"It's unbelievable," Tory said minutes after the historic win. "This is the greatest team. It's the best fans in the world and it's the greatest city in the world, and how could you get any better than that? We're going to have the best parade in the world."

Toronto Mayor John Tory joined the 1,500 fans inside the main stage area of Jurassic Park to watch the game. (Albert Leung/CBC)

Subi Mahan brought his young sons to the Park. He had celebrated with his late father in 1993 when Toronto Blue Jays won their back-to-back World Series Championship. 

"I need to pay it forward so my kids could take it in, as a minority with a multicultural team like the Toronto Raptors," Mahan said. 

"They were forecasting thunderstorms. But the only thunderstorm was us winning the championship."

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      At 4:17 a.m., a male was shot near Yonge and Dundas Square, as Raptors fans celebrated. The victim sustained "serious to life-threatening injuries," police said, and seven people were taken into custody in connection with the shooting.

      As part of the celebrations, some fans set off firecrackers.

      Toronto Raptors fans celebrate with fireworks on Yonge St. (Cole Burston/Getty Images)

      And there were at least a few significant incidents of vandalism. Some fans destroyed the windows of a police car.

      A police car window was stomped out by rowdy revellers. (Albert Leung/CBC)

      At Yonge and Dundas streets, a TTC bus positioned to block the street was tagged with graffiti and had windows kicked out while some fans sat on the roof singing O Canada.

      Toronto Raptors fans celebrate atop and inside a bus on Yonge St. (Cole Burston/Getty Images)

      WATCH | Crowds swarm Yonge-Dundas Square after Raptors victory

      This is the view 38 floors up above Yonge-Dundas Square as Toronto celebrated the Raptors' NBA Championship win. 0:15

      At the Fairmont Royal York Hotel, at least one fan climbed onto the veranda, prompting some to dare him to jump, while others begged him not to.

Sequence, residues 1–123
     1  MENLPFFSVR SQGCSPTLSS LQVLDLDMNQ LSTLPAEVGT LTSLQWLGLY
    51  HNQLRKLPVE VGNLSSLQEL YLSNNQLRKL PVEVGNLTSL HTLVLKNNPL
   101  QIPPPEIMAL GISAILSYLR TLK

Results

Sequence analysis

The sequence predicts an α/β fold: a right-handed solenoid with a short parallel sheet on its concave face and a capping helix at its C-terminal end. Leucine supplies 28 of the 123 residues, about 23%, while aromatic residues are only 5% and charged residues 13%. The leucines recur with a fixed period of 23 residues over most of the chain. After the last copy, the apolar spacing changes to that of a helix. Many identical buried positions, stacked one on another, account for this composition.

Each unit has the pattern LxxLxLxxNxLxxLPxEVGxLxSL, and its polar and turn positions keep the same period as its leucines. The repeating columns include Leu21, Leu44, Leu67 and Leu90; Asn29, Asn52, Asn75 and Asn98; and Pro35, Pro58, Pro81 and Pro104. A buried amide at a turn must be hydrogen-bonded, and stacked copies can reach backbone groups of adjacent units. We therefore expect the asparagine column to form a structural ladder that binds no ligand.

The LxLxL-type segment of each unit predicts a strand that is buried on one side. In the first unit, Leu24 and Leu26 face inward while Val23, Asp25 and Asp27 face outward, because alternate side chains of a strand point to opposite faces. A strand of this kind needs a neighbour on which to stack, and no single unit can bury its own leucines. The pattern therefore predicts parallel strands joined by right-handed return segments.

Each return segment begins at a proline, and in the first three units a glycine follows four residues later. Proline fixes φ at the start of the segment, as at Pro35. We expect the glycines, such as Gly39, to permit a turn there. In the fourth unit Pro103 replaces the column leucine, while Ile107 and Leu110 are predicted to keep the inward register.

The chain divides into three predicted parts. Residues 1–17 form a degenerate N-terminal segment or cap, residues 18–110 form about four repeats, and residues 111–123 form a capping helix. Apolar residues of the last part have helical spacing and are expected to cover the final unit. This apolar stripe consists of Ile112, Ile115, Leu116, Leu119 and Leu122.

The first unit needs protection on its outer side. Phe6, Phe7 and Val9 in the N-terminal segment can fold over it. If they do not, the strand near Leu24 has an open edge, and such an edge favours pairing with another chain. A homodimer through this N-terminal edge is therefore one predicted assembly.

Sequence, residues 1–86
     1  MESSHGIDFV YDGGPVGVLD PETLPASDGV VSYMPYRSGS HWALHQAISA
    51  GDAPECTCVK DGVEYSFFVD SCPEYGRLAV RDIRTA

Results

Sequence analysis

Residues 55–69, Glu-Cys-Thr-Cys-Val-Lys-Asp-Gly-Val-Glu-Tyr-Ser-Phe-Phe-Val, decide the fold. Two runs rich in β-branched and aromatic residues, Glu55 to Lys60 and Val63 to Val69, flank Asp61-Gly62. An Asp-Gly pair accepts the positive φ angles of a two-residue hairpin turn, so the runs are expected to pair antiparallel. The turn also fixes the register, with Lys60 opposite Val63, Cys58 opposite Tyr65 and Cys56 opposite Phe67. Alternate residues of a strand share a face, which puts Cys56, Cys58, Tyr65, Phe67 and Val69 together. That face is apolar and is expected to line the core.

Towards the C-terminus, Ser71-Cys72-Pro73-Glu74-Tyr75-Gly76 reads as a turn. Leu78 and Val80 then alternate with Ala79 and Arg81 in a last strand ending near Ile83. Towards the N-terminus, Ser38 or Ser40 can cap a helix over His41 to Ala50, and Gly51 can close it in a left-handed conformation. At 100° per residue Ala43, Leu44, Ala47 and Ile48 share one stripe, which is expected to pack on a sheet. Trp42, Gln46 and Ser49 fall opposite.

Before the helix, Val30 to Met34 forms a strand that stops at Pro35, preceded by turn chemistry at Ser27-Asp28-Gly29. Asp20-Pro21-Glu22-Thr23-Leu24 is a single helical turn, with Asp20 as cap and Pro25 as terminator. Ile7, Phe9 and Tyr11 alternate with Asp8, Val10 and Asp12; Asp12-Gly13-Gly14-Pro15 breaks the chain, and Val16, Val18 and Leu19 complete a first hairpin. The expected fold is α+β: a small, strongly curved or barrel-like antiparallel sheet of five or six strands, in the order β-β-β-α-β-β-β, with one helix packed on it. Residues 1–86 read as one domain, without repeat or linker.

"This is unreal. I've waited so long for this. Nothing like it," said Justin Harrison from Hamilton. "I'm not going to sleep for like 10 days."

      Raptors fans were overjoyed at the team's win, a first in franchise history. (Cole Burston/Getty Images)

      Danny Salman, 20, said it was important to come out and celebrate on the street so the Raptors could see the fans coming together in the city.

      "It shows the togetherness of all the fans. I just had to come out."

      "We've been waiting a long time for this," said Barada Saraf, who had been watching the game from a downtown bar. "I don't know what it's like for a Toronto team to win something."

      "Look at this," she said, looking at the massive crowd.  "How can you not be here? It's unreal." 

      In Toronto, the win sent thousands onto the streets, a sea of people loudly cheering, waving flags, high-fiving each other clogging up some of the major downtown intersections near the Scotiabank Arena, the home of the Raptors. (Albert Leung/CBC)

      About the Author

      Mark Gollom

      Reporter

      Mark Gollom is a Toronto-based reporter with CBC News. He covers Canadian and U.S. politics and current affairs.

      With files from The Canadian Press